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Verification of Total Body Irradiation Commissioned MU Lookup Table Accuracy Using Treatment Planning System for Wide Range of Patient Sizes

D Lewis

D Lewis*, P Chi , R Tailor , M Aristophanous , S Tung , UT MD Anderson Cancer Center, Houston, TX


SU-F-T-406 (Sunday, July 31, 2016) 3:00 PM - 6:00 PM Room: Exhibit Hall

Purpose: To verify the accuracy of total body irradiation (TBI) measurement commissioning data using the treatment planning system (TPS) for a wide range of patient separations.

Methods: Our institution conducts TBI treatments with an 18MV photon beam at 380cm extended SSD using an AP/PA technique. Currently, the monitor units (MU) per field for patient treatments are determined using a lookup table generated from TMR measurements in a water phantom (75 x 41 x 30.5 cm3). The dose prescribed to an umbilicus midline point at spine level is determined based on patient separation, dose/ field and dose rate/MU. One-dimensional heterogeneous dose calculations from Pinnacle TPS were validated with thermoluminescent dosimeters (TLD) placed in an average adult anthropomorphic phantom and also in-vivo on four patients with large separations. Subsequently, twelve patients with various separations (17-47cm) were retrospectively analyzed. Computed tomography (CT) scans were acquired in the left and right decubitus positions from vertex to knee. A treatment plan for each patient was generated. The ratio of the lookup table MU to the heterogeneous TPS MU was compared.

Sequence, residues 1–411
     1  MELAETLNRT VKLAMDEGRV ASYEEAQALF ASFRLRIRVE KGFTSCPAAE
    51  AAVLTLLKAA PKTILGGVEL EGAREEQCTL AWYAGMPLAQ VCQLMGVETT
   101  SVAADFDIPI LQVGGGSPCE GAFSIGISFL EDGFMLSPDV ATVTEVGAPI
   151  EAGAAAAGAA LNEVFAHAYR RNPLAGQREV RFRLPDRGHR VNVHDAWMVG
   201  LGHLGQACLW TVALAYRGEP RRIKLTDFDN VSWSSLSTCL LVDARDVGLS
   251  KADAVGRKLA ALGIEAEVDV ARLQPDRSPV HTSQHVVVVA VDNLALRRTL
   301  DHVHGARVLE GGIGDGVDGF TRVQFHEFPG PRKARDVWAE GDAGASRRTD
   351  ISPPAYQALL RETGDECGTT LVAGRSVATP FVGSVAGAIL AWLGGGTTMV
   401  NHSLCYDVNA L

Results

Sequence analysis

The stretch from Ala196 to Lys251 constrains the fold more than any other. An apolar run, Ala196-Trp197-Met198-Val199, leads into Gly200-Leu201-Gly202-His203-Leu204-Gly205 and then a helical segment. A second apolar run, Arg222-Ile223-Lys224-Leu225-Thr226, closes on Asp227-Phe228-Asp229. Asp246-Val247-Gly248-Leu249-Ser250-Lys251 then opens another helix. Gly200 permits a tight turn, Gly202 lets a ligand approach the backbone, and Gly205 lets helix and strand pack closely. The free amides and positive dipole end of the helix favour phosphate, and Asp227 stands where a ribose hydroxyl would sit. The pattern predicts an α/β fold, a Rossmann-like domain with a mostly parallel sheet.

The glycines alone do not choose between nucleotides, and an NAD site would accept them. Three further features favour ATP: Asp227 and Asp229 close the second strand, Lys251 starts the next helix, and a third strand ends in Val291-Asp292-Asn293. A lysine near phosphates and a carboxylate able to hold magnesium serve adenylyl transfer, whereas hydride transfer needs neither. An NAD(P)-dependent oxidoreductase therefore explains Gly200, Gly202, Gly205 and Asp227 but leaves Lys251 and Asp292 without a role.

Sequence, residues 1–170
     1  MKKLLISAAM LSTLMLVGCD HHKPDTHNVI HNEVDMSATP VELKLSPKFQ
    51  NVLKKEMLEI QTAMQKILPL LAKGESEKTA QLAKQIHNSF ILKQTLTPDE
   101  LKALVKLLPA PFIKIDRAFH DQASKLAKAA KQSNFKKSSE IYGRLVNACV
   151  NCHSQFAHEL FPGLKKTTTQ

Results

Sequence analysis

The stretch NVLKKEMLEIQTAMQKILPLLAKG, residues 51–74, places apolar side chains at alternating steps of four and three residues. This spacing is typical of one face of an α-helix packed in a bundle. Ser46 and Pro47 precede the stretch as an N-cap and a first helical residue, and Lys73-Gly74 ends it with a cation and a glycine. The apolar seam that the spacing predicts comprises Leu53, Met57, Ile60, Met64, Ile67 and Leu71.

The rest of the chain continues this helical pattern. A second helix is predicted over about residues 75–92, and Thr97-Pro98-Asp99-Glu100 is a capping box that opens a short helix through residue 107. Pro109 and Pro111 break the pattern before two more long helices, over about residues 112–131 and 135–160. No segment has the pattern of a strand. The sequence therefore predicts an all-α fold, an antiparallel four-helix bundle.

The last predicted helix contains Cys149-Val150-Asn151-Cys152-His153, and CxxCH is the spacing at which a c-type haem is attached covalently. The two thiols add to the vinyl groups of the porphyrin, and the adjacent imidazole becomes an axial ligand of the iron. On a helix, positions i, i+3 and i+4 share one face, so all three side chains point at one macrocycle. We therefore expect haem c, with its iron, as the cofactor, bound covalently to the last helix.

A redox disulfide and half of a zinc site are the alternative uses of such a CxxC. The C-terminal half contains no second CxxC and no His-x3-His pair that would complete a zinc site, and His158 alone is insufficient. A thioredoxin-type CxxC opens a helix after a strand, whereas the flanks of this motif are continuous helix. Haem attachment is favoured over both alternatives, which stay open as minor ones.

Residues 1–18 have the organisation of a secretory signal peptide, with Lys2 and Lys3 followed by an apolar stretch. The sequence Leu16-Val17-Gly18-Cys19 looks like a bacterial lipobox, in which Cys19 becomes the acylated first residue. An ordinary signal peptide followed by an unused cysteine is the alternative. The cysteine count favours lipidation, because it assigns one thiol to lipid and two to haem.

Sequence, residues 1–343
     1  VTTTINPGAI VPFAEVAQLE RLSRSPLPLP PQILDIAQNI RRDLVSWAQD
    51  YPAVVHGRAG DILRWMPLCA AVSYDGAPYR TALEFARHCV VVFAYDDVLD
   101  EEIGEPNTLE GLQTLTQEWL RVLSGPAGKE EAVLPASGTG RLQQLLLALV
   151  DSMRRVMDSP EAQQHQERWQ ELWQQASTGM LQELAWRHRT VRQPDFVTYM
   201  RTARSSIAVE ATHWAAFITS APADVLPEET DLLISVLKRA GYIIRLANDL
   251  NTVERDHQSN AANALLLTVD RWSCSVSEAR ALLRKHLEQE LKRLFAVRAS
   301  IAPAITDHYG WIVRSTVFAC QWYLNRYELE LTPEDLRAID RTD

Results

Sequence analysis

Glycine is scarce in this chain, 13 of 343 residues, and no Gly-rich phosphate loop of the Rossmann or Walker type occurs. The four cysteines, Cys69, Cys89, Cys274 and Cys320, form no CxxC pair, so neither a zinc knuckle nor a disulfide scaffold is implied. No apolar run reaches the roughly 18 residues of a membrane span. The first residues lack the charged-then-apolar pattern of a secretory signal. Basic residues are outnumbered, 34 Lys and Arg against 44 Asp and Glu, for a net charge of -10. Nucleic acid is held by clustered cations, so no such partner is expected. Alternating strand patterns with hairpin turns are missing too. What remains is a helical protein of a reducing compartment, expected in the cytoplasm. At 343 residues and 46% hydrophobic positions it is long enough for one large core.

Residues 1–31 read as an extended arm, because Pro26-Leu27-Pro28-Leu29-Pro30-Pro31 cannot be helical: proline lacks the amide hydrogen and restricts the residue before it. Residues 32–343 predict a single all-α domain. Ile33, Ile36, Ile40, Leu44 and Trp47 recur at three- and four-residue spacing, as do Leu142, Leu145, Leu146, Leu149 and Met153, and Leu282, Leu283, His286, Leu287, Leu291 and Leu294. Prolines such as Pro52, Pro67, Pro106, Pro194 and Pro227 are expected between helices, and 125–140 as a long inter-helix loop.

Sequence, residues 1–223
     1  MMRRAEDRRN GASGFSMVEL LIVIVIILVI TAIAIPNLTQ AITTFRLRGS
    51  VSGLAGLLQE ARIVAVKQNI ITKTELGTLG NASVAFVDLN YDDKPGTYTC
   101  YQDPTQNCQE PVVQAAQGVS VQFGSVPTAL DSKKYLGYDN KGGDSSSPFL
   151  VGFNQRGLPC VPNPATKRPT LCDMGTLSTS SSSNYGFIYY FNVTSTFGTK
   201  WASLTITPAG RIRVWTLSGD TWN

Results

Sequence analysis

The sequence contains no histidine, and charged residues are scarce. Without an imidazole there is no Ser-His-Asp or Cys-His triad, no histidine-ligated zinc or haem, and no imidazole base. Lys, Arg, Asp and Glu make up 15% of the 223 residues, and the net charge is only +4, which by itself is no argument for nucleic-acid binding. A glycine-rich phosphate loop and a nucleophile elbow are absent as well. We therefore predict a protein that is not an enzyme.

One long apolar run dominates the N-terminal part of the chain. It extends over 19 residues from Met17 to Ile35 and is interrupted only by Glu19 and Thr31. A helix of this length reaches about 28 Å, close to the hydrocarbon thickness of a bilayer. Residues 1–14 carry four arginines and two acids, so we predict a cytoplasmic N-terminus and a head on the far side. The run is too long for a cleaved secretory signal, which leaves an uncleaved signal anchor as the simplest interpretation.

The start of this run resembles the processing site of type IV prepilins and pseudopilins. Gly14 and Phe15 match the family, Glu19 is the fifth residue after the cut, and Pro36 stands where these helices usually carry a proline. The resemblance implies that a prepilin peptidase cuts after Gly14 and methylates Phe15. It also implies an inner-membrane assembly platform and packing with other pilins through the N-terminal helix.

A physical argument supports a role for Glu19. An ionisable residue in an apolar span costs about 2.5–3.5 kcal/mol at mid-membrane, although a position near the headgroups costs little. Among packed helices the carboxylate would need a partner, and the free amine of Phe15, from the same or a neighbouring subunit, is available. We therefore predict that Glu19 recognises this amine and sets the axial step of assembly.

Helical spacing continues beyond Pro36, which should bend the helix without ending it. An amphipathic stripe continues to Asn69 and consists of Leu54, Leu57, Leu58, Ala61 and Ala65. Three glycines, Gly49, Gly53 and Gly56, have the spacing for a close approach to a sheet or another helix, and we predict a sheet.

Results: TLD Measurements in the anthropomorphic phantom and large TBI patients agreed with Pinnacle calculated dose within 2.8% and 2%, respectively. The heterogeneous calculation compared to the lookup table agreed within 8.1% (ratio range: 1.014-1.081). A trend of reduced accuracy was observed when patient separation increases.

Conclusion: The TPS dose calculation accuracy was confirmed by TLD measurements, showing that Pinnacle can model the extended SSD dose without commissioning a special beam model for the extended SSD geometry. The difference between the lookup table and TPS calculation potentially comes from lack of scatter during commissioning when compared to extreme patient sizes. The observed trend suggests the need for development of a correction factor between the lookup table and TPS dose calculations.

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